Since different applications, under different conditions, may benefit from either the electric or the magnetic field, either field can be made to dominate. Electric shield 34 (FIG. 1), includes insulated conductors substantially parallel to the axis of the main coil 18 and window 36. The varying electric field passing through the window 36 into the chamber 30 is minimized, and the varying magnetic field dominates. FIG. 3 shows that by mounting bars on posts and attaching them along the main coil parallel to the main coil axis, with the main coil spaced away from window 36 by the length of the posts, the magnetic field passing through the window is reduced and the electric field will dominate.
The independent RF source used to accelerate the ions perpendicular to the wafer is applied between the electrode on which the wafer is placed and an electrode formed either by the parallel bars of the main coil adjacent to the window or by an electric shield between the window and the main coil. This independent RF source can be applied to either the wafer electrode 38 or the electrode formed by the main coil bars or the electric shield.
The separation of the two functions, ion density (flux) and ion energy (field) is possible because the plasma itself forms a relatively good conductor, separated from the chamber surfaces and the wafer by a relatively high impedance sheath, or dark space, so the voltage from one side of the plasma to the other is relatively small, while the voltage between the electrode formed by the bars and the other electrode can be large.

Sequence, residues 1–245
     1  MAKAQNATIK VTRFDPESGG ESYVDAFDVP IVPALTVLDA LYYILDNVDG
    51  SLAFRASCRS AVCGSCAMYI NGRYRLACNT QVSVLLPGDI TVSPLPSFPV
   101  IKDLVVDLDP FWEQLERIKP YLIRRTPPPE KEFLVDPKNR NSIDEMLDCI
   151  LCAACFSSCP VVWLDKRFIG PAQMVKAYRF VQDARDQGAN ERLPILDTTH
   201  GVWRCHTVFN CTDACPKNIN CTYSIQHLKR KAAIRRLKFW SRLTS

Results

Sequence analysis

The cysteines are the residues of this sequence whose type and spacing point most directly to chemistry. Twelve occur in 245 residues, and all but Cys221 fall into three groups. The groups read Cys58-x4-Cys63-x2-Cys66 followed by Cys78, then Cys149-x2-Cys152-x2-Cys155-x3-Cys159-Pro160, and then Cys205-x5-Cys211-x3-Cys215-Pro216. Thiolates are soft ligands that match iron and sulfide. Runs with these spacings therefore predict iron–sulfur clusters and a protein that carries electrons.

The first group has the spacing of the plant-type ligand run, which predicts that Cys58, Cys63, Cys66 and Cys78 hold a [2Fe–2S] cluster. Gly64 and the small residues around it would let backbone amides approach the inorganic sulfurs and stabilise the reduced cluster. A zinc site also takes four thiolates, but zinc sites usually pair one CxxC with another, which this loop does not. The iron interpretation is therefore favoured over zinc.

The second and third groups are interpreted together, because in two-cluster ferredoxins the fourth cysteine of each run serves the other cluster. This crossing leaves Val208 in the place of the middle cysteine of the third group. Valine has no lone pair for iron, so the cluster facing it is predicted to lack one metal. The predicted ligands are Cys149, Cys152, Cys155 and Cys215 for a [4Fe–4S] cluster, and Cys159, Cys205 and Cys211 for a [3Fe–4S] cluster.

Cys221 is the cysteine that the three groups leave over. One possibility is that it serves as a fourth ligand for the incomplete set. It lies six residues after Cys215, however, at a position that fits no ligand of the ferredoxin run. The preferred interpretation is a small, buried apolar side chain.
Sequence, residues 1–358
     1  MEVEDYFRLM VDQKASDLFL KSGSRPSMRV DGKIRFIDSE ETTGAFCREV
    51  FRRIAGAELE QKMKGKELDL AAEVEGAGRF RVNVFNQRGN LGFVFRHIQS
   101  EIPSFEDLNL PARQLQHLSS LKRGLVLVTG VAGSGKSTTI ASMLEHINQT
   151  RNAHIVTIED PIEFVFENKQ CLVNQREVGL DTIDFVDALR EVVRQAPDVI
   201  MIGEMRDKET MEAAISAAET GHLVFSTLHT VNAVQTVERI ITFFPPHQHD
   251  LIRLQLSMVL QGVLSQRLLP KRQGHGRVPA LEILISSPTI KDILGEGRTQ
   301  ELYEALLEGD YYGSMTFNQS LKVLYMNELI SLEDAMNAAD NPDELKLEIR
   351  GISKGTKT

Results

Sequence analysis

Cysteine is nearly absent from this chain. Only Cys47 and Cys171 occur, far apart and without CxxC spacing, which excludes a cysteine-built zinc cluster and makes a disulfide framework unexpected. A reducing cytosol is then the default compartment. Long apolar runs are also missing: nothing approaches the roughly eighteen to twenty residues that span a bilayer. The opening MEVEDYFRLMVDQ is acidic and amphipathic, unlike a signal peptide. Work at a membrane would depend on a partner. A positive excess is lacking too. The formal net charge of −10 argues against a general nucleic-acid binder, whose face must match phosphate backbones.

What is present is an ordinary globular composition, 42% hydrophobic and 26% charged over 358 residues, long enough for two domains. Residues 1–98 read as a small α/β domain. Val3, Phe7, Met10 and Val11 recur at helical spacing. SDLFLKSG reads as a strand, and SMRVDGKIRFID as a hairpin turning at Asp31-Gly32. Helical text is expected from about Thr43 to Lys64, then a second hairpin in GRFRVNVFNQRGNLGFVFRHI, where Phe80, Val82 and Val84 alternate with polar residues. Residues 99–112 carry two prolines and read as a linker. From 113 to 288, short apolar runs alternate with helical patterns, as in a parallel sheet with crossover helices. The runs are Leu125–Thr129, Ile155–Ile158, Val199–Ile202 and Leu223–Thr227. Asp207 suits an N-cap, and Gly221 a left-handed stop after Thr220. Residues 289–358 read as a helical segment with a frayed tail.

Although the present invention has been described in terms of the presently preferred embodiments, it is to be understood that the disclosure is not to be interpreted as limiting. Various alterations and modifications will no doubt become apparent to those skilled in the art after having read the above disclosure. Accordingly, it is intended that the appended claims be interpreted as covering all alterations and modifications as fall within the true spirit and scope of the invention.